The Navy seeks an innovative rotating antenna technology, compatible with the SPS-49 radar that provides simple, non-mechanical elevation scan over a limited range. The “antenna” in this case is considered only that (rotating) portion above the pedestal and rotary joint that forms and transmits the beam. The most mechanically and electrically simple, lightweight, and affordable solution that meets the performance requirements is desired. In addition to meeting the existing SPS-49 elevation requirement, a desired solution would be for the electronic elevation scan technique to also permit implementation of multiple elevation beams. A minimum of two elevation beams are required to allow elevation estimation against low-to-medium altitude targets, and appropriate beam shaping will be needed to achieve the required cosec2 coverage.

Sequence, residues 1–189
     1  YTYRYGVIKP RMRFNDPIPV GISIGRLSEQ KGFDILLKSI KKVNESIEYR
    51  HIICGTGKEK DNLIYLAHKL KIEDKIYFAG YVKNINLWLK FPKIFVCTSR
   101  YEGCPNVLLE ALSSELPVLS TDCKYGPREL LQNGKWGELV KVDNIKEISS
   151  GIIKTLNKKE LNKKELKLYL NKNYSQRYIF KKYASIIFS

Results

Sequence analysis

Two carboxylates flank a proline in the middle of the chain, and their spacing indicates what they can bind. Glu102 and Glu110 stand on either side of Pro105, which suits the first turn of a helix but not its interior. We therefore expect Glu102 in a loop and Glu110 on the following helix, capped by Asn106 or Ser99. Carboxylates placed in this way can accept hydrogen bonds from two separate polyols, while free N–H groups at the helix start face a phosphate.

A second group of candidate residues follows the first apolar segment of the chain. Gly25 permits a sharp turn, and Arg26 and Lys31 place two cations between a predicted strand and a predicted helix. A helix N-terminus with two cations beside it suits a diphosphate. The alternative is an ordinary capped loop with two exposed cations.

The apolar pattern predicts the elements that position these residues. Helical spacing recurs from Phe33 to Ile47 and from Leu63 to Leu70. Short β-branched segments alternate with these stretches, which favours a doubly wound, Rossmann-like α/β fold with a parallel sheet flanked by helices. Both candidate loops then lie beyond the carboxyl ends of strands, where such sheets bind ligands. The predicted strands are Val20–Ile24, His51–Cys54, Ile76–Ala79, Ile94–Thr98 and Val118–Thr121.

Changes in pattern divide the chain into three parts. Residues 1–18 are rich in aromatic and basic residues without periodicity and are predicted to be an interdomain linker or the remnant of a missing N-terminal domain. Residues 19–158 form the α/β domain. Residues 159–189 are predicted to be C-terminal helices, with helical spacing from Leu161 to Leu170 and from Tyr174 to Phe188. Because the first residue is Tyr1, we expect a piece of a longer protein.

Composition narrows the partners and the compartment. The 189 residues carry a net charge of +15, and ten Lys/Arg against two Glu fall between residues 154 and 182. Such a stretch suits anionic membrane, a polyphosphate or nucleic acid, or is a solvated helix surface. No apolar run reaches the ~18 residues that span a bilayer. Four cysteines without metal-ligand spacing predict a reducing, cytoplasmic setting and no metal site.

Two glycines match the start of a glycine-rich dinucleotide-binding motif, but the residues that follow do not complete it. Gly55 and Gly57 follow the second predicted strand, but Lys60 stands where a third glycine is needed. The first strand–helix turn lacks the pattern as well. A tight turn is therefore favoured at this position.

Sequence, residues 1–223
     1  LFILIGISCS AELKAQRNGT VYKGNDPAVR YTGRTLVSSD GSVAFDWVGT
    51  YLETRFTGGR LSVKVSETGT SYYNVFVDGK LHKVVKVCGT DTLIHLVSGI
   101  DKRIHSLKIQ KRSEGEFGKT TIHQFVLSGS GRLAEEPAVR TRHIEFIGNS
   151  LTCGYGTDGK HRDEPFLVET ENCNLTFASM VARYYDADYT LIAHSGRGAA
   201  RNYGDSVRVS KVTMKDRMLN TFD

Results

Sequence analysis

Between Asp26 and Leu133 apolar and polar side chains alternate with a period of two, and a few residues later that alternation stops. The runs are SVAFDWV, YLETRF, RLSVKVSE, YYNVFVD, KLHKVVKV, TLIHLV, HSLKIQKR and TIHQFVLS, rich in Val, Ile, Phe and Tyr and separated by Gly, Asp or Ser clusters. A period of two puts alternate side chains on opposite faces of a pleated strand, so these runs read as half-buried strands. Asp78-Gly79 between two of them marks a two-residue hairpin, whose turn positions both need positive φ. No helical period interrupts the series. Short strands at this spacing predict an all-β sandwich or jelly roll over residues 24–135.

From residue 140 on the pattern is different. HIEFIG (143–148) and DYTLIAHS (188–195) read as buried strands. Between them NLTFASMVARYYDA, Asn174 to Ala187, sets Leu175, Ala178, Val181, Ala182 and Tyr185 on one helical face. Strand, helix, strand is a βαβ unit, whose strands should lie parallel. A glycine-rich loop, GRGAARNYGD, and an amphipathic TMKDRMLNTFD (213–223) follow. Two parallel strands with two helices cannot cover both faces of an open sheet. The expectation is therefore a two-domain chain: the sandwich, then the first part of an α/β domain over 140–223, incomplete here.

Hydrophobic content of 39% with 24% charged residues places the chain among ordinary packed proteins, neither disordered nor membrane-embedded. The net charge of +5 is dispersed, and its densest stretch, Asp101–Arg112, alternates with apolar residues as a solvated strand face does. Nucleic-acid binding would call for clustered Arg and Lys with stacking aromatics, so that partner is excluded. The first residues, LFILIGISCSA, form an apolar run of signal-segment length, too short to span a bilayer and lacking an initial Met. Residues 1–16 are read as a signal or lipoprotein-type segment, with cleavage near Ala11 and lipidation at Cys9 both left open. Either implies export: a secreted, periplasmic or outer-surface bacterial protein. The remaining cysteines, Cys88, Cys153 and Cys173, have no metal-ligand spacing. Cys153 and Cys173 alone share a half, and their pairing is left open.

As a goal, more than two elevation beams are desired if this can be achieved while meeting the requirements for performance, beamforming, size, and weight described below. It is understood that, in meeting these objectives, the addition of duplexers and other beamforming electronics (as part of the antenna) may be necessary. However, if incorporating active elements, the antenna should not introduce harmonics or inter-modulation products in the transmitted signal. Examples of antennas that could enable electronic steering in the elevation plane (and potential implementation of multiple elevation beams) include the use of a vertical array of “row-boards” with individual phase control (by row) and corporate feed, phased array feeds with a main reflector surface, reflective printed-element arrays (“reflect arrays”) with element-level electronic phase shifting illuminated by a primary feed horn, and transmissive printed-element arrays (“transmit arrays” or “array lenses”) with element-level electronic phase shifting illuminated by a primary feed horn. While examples of these antenna types have been demonstrated before, the sheer size and power of the SPS-49 antenna and its requirements for beam shape and elevation scan represent a significant technical challenge, especially in light of the desire for a lightweight, rugged, and yet affordable design.